We have been very fortunate with the weather over the past weeks. Our very first Autumn in France has been wonderful. Shutter painting aside, we’ve tried to make the most of the mild and sunny weather. Amongst other activities we’ve fitted in a couple of fairly impromptu walks around the local area. These haven’t been of the large, organised Touraine Trekkers style walks, but rather walks of the “shall we?”, “ok”, “what about tomorrow?” type.
Our walks took us around the Foret de Preuilly and Chambon. Our fellow walkers, S&S and C&E were a mine of information about the local flora, fauna and fungi. You can check out some of their wonderful photographs and info by clicking on the links. We really enjoyed the walk and we spotted so many fungi, the names of most escape me, but I have added a good fungi field guide to my Christmas present list! Any suggestions as to which one to ask Santa for?
How many steares of wood do you think are here? Colin providing a sense of scale. Imagine stacking this pile of wood…
The advance party…
I wonder whether this still works…
We spent a while trying to spot then photograph this ruddy darter which was well camouflaged against the autumn leaves.
On each walk we walked 8km with an average speed of around 3km/hour. Hardly break neck pace, but just right for what we wanted to do.
Thank you to our walking companions for being such good company. We hope to experience more of these simple pleasures in life, and to continue learning about the wonderful, natural world that surrounds us…
I love those impromptu and not really well planned walks.....my experience is that the well planned ones always end up with us getting lost anyway. I'm glad your first autumn "term" away from school has been so enjoyable. Relaxing into autumn and retirement, in France is perfect. We've had a great autumn too, but are back in Yorkshire now....Halloween grandparents duty called, so we're back now until I need to go prune my salvias in the first week in March !ReplyDelete
Hope you continue to enjoy your time in France. Jx
Thoughts of work are far away. It could be that Le Pre Vert is only associated with holidays. I wonder whether it will be different when we are back in the UK.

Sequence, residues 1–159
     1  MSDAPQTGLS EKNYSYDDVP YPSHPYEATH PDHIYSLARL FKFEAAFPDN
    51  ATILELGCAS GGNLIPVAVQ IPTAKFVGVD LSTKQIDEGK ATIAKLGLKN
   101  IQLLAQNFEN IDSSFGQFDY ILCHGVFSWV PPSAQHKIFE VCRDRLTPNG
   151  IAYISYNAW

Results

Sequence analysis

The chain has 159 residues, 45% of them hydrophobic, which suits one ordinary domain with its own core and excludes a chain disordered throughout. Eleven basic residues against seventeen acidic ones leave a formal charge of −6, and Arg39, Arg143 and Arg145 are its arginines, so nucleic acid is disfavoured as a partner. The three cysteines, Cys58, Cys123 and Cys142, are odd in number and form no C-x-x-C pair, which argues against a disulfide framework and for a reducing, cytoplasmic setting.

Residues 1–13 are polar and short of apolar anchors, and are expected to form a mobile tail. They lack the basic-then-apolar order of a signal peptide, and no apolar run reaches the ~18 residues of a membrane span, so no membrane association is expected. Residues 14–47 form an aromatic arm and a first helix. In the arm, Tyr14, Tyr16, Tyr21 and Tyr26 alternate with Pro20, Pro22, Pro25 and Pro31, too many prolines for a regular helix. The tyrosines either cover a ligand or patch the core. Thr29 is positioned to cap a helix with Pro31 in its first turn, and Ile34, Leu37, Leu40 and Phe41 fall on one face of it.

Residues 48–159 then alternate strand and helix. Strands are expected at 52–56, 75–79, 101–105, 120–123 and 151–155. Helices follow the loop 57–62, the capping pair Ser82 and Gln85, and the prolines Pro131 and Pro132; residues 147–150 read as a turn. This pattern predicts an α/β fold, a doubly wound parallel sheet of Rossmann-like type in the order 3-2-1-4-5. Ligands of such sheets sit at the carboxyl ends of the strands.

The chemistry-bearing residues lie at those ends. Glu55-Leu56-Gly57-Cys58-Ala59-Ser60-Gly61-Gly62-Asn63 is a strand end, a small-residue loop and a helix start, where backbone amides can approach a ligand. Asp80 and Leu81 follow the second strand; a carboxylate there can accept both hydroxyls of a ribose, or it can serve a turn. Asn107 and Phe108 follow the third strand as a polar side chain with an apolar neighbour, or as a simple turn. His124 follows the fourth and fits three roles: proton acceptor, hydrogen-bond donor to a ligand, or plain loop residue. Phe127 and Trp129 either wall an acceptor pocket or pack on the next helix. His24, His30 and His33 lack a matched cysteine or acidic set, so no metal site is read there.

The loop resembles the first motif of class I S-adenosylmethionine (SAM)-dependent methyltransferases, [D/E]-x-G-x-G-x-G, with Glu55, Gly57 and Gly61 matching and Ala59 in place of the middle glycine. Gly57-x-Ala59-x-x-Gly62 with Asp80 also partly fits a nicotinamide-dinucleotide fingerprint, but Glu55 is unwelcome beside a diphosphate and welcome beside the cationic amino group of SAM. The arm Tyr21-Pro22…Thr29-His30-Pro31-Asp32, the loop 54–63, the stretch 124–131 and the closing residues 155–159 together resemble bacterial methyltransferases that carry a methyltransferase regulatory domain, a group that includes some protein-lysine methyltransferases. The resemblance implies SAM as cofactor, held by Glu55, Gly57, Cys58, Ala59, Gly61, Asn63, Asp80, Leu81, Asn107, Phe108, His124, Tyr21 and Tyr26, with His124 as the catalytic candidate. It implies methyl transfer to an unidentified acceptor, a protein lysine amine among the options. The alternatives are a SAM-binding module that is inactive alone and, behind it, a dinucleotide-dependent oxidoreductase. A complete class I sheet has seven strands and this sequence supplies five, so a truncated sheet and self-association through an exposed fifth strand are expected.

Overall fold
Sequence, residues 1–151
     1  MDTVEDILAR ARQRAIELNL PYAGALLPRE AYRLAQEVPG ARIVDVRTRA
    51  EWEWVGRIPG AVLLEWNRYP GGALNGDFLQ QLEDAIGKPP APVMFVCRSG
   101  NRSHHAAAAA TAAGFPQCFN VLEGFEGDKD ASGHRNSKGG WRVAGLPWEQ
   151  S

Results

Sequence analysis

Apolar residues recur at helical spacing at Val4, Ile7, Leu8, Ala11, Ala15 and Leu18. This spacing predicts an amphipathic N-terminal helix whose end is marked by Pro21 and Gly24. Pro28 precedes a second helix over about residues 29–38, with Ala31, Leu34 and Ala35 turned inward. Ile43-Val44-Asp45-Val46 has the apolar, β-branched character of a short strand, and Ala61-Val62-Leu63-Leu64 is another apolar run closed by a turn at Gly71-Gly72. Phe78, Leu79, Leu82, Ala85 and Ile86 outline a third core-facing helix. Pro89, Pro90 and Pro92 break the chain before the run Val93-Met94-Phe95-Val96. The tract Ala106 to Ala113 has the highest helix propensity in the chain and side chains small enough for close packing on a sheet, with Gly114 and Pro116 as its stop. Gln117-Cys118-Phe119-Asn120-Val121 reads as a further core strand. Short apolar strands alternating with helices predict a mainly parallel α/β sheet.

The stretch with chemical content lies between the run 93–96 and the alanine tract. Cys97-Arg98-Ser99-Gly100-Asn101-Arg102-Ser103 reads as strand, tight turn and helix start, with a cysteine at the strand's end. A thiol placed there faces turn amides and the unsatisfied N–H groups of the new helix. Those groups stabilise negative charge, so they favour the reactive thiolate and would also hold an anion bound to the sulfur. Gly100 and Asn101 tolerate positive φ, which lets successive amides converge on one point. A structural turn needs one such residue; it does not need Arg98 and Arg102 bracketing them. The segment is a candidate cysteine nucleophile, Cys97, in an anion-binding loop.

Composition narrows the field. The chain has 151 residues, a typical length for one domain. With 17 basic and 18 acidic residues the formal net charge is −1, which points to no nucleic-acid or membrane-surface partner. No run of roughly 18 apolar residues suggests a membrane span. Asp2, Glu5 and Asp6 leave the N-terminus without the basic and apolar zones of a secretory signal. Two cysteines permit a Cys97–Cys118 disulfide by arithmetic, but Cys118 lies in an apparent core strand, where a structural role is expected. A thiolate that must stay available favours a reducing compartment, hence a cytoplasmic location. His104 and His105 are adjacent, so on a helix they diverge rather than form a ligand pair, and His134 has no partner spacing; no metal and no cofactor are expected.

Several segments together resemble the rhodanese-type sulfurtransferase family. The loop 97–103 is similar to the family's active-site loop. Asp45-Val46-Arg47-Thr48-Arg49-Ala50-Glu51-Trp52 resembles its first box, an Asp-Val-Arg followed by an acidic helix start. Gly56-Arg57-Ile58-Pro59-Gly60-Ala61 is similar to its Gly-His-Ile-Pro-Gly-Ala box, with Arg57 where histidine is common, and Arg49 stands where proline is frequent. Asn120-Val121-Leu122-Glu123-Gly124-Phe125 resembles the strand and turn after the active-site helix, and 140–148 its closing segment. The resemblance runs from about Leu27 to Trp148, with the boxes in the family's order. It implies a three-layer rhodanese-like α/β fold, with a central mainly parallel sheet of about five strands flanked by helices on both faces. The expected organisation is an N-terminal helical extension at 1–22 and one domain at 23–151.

Halloween! Must get Tim to get this year's pumpkins carved...
Enjoy your time in the UK, and particularly enjoy the grandchildren xx
The best fungi guide in French is Champignons de France et d'Europe by Marcel Bon published by Flammarion. No idea for one in English though. Ask Tim F.ReplyDelete
We've really enjoyed the walks and very much appreciate being included in them. More please!
I'm trying to find out something about that still, but not having much luck so far. Might ask Lara from O petit verger on Thursday at the market, as it's at the end of her road.
Thanks for the guide info and for your expert knowledge.Delete
I would be interesting to know more about the still.
I've found out the name of the owner of the still and apparently it still works. Simon is dead keen for me to phone the guy up and arrange for him to make us a batch of calvados from Lara's hail damaged apples.Delete
Phillips and Rix guide is good - there are some second hand copies in English on Amazon France at the moment, a genuine bargain so long as nobody has used a mushroom for a bookmark! http://www.amazon.fr/Roger-Phillips/e/B000APS1MO/ref=ntt_dp_epwbk_0Delete
Thanks. Have ordered a Phillips one from Amazon UKDelete
3km per hour - as fast as that? On a good day with the wind behind us we might have made 3km in an afternoon, and that was before my little problem. There's just too much to look at! Isn't Chambon a mess, when you look more closely? Great work for the couvreurs, but what's the cost and who will pay? PaulineReplyDelete
I didn't notice Chambon as a mess, but as we walked up there was a funeral so it was very much 'eyes down' and as we walked back we were keen to get something to eat!!Delete
After the wet summer we had, this nice autumn is just what the doctor ordered!ReplyDelete
It is, Walt. It is!Delete
I didn't notice the summer as being that bad, but with the UK as my benchmark I'm probably starting from a very different point. ;o)
You've made me yearn for those French countryside walks, Gaynor. This all looks so familiar and I do remember the amazing funghi and little woodland creatures - you've capured some fantastic specimen here. Lovely! AxxxReplyDelete
Hi Gaynor I wrote on here before and it has disappeared :-(ReplyDelete
Simple pleasures are the best pleasures and now you are retired I am sure you will find time for all of them x